Supreme Court Rules in Favor of High School Football Coach Who Held Post-Game Prayer

Last Updated on June 27, 2022

The Supreme Court granted a huge win to a Washington High School football coach who was fired for reciting prayers on the field after games. The court reviewed the issue of whether a coach praying in public was engaging in unprotected “government speech,” Fox News reported. Beyond that, the Supreme Court ruled on whether the coach’s actions still pose an issue under the First Amendment’s Establishment Clause.

Joe Kennedy — who coached football for the Bremerton School District in Washington — was canned for reciting a silent prayer at the 50-yard-line after games. Players were not mandated to attend the prayer, but the school district opted to fire Kennedy anyway after asking him to stop.

In a 6-3 decision Monday, the Supreme Court ruled that Kennedy’s prayer did not constitutive “government speech.”

“Here, a government entity sought to punish an individual for engaging in a brief, quiet, personal religious observance doubly protected by the Free Exercise and Free Speech Clauses of the First Amendment. And the only meaningful justification the government offered for its reprisal rested on a mistaken view that it had a duty to ferret out and suppress,” Justice Neil Gorsuch wrote in the Court’s opinion.

“Religious observances even as it allows comparable secular speech. The Constitution neither mandates nor tolerates that kind of discrimination.”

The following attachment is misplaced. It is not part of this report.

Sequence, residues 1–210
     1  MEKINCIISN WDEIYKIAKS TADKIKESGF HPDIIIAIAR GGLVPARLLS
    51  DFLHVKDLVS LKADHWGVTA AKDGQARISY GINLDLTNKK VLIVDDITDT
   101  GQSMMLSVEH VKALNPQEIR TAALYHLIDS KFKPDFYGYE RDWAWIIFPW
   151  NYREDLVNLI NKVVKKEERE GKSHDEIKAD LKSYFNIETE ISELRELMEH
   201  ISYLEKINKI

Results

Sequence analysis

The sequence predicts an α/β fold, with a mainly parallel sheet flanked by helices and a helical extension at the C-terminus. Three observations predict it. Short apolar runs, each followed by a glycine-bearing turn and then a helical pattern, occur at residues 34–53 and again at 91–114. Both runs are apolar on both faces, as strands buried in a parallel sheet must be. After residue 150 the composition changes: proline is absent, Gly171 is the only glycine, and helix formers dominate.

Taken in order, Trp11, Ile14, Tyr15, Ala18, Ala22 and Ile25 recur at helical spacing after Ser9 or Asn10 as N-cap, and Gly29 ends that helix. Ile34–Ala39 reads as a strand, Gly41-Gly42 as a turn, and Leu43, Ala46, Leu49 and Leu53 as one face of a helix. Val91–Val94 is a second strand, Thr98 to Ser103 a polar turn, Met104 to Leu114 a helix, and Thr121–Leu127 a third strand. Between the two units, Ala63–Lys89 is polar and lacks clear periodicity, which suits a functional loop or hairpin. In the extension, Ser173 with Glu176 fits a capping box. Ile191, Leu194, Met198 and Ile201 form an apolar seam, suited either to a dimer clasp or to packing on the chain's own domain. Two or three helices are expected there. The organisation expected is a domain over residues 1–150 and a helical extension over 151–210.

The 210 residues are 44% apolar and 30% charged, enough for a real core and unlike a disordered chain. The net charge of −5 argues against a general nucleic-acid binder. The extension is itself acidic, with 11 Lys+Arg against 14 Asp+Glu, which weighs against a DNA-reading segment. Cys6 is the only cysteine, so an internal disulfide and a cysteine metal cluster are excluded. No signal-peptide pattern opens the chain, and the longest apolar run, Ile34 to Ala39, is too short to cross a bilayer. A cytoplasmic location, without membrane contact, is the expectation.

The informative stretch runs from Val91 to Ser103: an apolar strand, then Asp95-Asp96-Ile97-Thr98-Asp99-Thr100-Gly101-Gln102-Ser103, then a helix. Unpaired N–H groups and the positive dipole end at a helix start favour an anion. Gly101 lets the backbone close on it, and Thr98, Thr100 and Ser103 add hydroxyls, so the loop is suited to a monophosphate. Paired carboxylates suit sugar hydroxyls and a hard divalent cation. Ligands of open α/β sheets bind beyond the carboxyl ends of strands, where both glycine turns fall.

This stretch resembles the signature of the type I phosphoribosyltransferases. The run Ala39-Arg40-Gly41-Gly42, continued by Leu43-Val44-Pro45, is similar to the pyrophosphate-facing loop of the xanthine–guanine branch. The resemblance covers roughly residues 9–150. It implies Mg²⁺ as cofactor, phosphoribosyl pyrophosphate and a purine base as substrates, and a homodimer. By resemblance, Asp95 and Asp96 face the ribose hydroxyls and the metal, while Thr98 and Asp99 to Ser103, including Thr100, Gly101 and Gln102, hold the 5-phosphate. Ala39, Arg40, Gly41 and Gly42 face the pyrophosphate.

The football coach began silently saying the prayer after games by himself, though other players soon started to join. When the school asked Kennedy to stop, he refused.

“The prayer after the football game — that was just myself, I would just take a knee at the 50-yard line after football game,” Kennedy told Fox News in April. “After a few months, the kids would say: Coach, what are you doing out there? And I just said I was thanking God for what you did. They asked if they could join. And I said: it’s America, a free country, you do what you want to do. And that’s how that kind of started.”

The coach held his silent, 30-60 second prayer after games for seven years. Some parents eventually complained, however, including the mother of a student whose son claimed his atheism prevented him from getting playing time.

Another parent, Paul Peterson, whose son played on the team in 2010, said the sight of the coach on the field surrounded by kneeling teammates became a “spectacle,” that put pressure on other students to follow.

The school district then asked Kennedy to pray at different locations, but he said he would continue the practice. After two more post-game prayer sessions, the coach was placed on leave.

Bremerton School District argued that by allowing the coach to pray at the 50-yard-line, it would violate the First Amendment’s Establishment Clause, which protects separation of church and state.

“That reasoning was misguided,” the majority opinion said. “Both the Free Exercise and Free Speech Clauses of the First Amendment protect expressions like Mr. Kennedy’s. Nor does a proper understanding of the Amendment’s Establishment Clause require the government to single out private religious speech for special disfavor.”

A dissenting opinion penned by Justice Sotomayor argued that the facts of the case were inaccurate.

“The record reveals that Kennedy had a longstanding practice of conducting demonstrative prayers on the 50-yard line of the football field,” Sotomayor wrote. “Kennedy consistently invited others to join his prayers and for years led student athletes in prayer at the same time and location. The Court ignores this history.”

Sotomayor also pointed to accusations that students who didn’t partake were being denied playing time.

During oral arguments, Kennedy’s attorney addressed allegations that the coach would withhold playing time for students who didn’t partake. The district did not mention this in its reasoning for the firing, Fox News reported.

RELATED: Supreme Court Rules Boston Violated First Amendment by Refusing to Fly Christian Group’s Flag 

%d bloggers like this: